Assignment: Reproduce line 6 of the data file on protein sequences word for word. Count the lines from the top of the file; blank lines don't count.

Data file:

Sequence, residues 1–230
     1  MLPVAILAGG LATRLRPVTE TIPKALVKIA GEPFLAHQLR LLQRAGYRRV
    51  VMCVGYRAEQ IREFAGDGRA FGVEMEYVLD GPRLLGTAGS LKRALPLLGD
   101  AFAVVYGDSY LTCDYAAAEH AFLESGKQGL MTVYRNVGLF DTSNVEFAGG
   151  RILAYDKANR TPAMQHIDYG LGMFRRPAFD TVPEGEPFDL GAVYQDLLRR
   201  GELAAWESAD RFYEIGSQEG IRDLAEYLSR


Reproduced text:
   201  GELAAWESAD RFYEIGSQEG IRDLAEYLSR